Flows in the Middle Owens River east of Bishop continue to drop, creating ideal fishing for both drift boats and shore anglers.
Sierra Drifters guide Tom Loe said the river is lowering to fishable levels, but is still a bit high for wading in the wild trout section.
There are daily Blue Winged Olive hatches, so Loe suggests staying with #18 Mayfly patterns.
“The trout truly focus on this cold weather mayfly. You will also observe some fish sipping midge clusters in the softer water, and larger pools and eddies,” Loe said.
Look for conditions to improve on the Middle Owens.
Pleasant Valley Reservoir has also been fishing very well for both bait and lure anglers. Browns and rainbows are being caught with PowerBait, nightcrawlers, and Thomas Buoyants.
Michael Mireles from Long Beach pulled in a 3.39-pound rainbow he caught at Pleasant Valley with a nightcrawler on a drop-shot with the split shot.
The lack of winter storms has also kept access to Hot Creek open and conditions there are excellent.
Trout Fitter guide Kent Rianda said he is seeing lots of midges and a fair amount of BWOs early- to mid-morning.
“Caddis are done for the season unless we go back into a big warm spell,” Rianda said.
Conditions on the Upper Owens are also excellent, with good access and plenty of migratory fish that have moved up from Crowley Lake. The good access also means fishing pressure has been high.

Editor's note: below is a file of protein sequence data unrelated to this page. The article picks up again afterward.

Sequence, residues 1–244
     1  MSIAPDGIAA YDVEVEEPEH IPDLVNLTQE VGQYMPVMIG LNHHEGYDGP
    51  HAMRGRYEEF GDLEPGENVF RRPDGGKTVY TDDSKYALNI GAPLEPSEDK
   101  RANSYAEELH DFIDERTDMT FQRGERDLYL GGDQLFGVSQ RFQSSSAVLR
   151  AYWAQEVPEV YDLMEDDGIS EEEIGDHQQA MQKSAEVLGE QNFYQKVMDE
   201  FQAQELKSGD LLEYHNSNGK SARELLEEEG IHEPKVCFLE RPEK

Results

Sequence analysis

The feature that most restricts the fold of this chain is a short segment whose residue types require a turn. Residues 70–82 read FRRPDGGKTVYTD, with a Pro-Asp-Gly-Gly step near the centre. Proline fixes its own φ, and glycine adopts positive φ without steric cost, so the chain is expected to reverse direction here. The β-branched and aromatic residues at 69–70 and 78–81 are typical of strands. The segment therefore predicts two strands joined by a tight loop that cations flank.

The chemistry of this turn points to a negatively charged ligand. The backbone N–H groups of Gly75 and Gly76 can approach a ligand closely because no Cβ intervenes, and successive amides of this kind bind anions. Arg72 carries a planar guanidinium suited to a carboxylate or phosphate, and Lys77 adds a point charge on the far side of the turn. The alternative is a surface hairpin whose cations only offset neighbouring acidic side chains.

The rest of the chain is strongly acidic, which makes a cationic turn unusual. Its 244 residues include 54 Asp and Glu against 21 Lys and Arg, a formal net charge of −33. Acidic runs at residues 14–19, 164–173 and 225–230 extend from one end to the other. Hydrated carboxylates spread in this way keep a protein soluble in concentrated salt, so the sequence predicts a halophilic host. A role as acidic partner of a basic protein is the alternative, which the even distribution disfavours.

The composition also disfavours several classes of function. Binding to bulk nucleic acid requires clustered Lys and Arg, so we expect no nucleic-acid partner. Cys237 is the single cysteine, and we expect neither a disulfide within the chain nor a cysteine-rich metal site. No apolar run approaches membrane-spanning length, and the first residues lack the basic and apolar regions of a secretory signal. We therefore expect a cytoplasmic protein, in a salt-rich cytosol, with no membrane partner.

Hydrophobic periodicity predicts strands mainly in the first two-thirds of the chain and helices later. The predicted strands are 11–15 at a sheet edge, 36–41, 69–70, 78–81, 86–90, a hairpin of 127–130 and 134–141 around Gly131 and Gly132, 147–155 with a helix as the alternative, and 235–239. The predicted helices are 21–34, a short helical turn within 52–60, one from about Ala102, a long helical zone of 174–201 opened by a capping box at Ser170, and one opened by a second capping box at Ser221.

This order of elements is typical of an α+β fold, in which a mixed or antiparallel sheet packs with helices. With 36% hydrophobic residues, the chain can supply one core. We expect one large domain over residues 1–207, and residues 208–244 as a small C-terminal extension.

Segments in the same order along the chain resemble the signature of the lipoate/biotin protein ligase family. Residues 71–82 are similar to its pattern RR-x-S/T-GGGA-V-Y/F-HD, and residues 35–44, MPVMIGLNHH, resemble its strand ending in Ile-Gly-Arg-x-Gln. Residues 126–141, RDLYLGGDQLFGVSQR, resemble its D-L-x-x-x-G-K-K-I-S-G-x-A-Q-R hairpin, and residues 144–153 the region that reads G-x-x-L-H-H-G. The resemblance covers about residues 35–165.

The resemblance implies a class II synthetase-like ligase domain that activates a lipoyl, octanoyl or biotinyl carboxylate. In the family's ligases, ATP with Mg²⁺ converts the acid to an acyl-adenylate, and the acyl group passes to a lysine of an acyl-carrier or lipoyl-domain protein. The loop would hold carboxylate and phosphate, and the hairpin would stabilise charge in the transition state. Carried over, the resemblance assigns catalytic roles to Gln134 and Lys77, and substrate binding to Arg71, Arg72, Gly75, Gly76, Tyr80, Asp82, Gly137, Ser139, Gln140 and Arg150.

Guide Loe said the fish have spread out and are holding in deeper pools and the undercut banks.
“You will observe smaller resident trout rising on tiny midge clusters throughout the warmer days, rising in the eddies, and slower moving water sections,” Loe said. “The big fish have been tight to the bottom and on the move every few days.”
Crystal Eggs have been getting the best results, but Loe said to try a few others such as a Drifters Crawler, Crystal Leech, or Assassin.
The East Walker River out of Bridgeport Reservoir is still running at 50 cfs, and Jim Reid at Ken’s Sporting Goods said anglers have been reporting a decent bite. Both rainbows and browns are being caught.
Reid said some of the best patterns have been Zebra Midge, Flashback Emerger, San Juan Worm, Pheasant Tail, Copper John, Micro Mayfly, Zuddler, Moal Leech, Double Bunny, and Sculpzilla.
Despite the relatively mild winter weather, Sierra anglers should be prepared for sudden and severe weather changes.
Ernie Cowan is a veteran outdoor writer and photographer who focuses on the Eastern High Sierra. He can be reached at firstname.lastname@example.org.